Laurie Burns McRobbie

"Women's Philanthropy: Leading Change and Creating the Future"

Thank you, Fredricka.  I’m very pleased to be here to speak to all of you participating in the Academy for Cultivating Talent – great acronym!  ACT, and programs like them, are extremely valuable components of leadership development; too often we believe that talents, or the lack thereof, are inborn characteristics, when in many cases there are skills, methods and perspectives that we can learn, given an opportunity and a willingness to open yourself up, as I know you all have.  I have certainly experienced a tremendous amount of personal growth from programs that brought me into contact with people who have backgrounds different from my own, who are looking at futures different from my own, but who also seek many of the same competencies in following his or her own path.   ACT is a learning community, and I’m particularly pleased that it was supported by a grant from the Women’s Philanthropy Council, about which I’ll say more in a few minutes.


Today, I’d like to talk with you about women’s leadership and women’s philanthropy, which I believe are deeply connected.  Both are motivated by, and motivate others around, a vision for a better future.  They are about change, impact, and progress.  They are about individual passion and persistence, made public through large and small actions.  Women’s lives are inextricably entwined with the future – not just through motherhood but through the myriad ways we express our concern and compassion for others, for our communities, and for the institutions that guide and support us.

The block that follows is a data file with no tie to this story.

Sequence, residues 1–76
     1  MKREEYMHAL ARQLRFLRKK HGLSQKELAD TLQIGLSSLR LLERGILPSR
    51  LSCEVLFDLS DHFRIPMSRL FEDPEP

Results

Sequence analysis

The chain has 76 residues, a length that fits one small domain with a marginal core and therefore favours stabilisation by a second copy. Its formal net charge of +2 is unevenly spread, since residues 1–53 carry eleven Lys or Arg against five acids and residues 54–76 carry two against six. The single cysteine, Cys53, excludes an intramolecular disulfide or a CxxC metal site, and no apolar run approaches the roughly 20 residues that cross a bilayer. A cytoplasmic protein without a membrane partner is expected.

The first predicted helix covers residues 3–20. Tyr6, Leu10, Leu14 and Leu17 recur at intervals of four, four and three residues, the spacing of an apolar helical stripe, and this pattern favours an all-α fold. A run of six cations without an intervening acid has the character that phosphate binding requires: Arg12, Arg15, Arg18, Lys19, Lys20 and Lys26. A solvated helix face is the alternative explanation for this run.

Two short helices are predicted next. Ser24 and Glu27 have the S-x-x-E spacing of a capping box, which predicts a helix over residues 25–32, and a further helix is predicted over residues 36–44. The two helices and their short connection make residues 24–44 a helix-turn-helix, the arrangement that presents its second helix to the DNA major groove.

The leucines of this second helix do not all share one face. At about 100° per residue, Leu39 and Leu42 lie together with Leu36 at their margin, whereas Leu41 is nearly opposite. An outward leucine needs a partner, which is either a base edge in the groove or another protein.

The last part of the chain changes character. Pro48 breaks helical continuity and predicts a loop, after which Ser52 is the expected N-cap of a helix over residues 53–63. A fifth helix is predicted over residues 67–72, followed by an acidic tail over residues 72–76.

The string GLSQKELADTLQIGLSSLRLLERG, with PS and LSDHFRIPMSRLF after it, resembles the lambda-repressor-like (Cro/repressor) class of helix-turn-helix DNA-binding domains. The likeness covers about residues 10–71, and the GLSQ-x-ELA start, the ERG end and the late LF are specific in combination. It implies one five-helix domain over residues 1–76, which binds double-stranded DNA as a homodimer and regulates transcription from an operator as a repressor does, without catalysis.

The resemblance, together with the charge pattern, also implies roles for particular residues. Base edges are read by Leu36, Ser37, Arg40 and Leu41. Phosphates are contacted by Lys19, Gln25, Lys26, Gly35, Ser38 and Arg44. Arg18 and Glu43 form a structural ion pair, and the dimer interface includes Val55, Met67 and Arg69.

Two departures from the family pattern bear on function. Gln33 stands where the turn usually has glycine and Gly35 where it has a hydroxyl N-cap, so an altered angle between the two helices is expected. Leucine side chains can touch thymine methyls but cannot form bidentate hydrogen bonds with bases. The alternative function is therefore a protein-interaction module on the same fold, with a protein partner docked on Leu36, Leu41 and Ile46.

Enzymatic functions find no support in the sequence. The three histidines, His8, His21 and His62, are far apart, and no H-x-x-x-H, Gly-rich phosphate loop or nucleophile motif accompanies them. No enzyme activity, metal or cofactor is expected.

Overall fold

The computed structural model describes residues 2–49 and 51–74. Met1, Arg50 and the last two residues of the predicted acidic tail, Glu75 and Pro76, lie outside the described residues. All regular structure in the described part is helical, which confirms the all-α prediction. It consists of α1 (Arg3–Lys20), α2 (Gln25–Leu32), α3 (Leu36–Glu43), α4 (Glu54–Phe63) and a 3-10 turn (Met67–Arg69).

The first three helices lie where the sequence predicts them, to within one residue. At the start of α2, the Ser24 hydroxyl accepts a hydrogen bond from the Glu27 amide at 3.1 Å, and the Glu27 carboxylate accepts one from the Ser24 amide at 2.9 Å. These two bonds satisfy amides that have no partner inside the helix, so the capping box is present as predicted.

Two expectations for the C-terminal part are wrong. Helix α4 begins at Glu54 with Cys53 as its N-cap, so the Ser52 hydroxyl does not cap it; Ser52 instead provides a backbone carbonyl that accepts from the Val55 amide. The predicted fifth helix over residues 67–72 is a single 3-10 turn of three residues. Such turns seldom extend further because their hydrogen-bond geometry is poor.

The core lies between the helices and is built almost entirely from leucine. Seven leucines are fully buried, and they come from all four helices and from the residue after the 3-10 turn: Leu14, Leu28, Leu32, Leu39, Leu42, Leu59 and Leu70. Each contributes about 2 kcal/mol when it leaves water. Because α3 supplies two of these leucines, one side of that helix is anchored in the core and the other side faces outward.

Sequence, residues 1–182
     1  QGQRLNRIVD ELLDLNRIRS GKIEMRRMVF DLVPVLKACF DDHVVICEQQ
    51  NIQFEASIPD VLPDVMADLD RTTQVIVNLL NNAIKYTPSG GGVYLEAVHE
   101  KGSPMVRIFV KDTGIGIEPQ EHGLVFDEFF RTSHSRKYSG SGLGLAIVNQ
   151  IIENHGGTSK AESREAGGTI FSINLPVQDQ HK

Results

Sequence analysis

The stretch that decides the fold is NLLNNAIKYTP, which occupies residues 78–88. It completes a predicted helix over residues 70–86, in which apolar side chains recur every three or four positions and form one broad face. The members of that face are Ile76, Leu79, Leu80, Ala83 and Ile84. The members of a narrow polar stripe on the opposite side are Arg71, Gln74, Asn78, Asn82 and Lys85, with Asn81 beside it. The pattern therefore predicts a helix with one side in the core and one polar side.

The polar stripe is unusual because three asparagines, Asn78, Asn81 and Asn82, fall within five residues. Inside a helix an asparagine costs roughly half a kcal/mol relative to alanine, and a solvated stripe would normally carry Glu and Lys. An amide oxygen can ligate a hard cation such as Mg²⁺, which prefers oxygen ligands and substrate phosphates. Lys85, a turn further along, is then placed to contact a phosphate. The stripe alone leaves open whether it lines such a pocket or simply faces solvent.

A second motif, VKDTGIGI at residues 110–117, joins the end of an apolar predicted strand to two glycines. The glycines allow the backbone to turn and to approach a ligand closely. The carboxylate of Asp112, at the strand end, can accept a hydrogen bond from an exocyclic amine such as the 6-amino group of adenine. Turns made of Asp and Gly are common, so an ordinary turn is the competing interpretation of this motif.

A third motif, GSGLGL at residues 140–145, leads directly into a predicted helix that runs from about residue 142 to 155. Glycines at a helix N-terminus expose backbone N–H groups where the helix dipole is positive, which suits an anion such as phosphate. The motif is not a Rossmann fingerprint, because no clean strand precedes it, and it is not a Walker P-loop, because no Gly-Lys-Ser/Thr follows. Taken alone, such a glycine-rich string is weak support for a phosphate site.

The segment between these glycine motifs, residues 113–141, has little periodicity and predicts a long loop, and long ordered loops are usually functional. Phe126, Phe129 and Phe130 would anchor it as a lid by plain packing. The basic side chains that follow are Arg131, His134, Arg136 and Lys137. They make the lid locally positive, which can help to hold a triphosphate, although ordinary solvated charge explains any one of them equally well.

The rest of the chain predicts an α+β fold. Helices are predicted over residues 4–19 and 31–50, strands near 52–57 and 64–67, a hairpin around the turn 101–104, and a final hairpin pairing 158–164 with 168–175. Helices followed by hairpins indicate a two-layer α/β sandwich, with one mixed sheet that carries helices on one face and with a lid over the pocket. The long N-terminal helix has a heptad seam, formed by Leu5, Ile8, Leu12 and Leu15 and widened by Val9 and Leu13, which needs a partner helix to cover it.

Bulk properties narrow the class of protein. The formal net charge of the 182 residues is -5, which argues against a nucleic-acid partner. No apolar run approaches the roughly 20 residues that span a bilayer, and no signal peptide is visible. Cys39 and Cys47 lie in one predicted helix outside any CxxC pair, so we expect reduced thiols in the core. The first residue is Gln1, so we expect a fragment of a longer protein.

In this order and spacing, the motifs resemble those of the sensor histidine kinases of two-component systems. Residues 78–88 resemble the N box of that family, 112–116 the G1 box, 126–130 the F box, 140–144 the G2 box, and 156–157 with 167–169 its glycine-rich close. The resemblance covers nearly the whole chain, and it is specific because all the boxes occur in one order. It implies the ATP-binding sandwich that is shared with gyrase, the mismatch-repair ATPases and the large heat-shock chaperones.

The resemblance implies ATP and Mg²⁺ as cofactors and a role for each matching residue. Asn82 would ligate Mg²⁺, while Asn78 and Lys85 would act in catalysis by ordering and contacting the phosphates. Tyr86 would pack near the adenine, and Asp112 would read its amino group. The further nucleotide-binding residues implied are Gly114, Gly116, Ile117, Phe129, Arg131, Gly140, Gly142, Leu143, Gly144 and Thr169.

In my talk today, I will focus on leadership and philanthropy in general, and describe what Indiana University is doing with women’s philanthropy and women’s leadership.  I’ll also give you a sense of my own journey that brought me to where I am today.  We’ll have time for questions and discussion, and I’m looking forward to talking more with you about your journeys, both the ones you’ve traveled and the ones you see ahead.  


We are in something of a leadership crisis, nationally and globally.  Now more than ever, we need to understand the dynamics of good leadership, and women in particular need to find ways to exercise our leadership voices. We are in an age where every sector is challenged by problems of daunting complexity and global impact, where trust in public and private institutions alike is on the decline, and where the wisdom of the past may not always address the technology-flattened world of the 21st century. In such a world, the work that the IU East Center for Leadership Development does is vital to increasing our understanding of effective, transformative leadership.  Through the Academy for Cultivating Talent, IU East is also doing particularly crucial work to ensure that we see diversity in our role models. 

Great leaders do have characteristics in common.  As Eleanor Roosevelt put it, good leaders must have the strength to face criticism and opposition with confidence, to be optimistic about the future, and to have a passionate commitment to their beliefs and to the potential for change.  But within these attributes lies a vast range of possibilities for how they are expressed and, of course, to what ends. 

The more we see leaders of all kinds – certainly both genders but also in all walks of life – the more we can be certain that the ways in which we make progress will reflect the range of interests present in today's world.  And the more likely we are to inspire the next generation of leaders.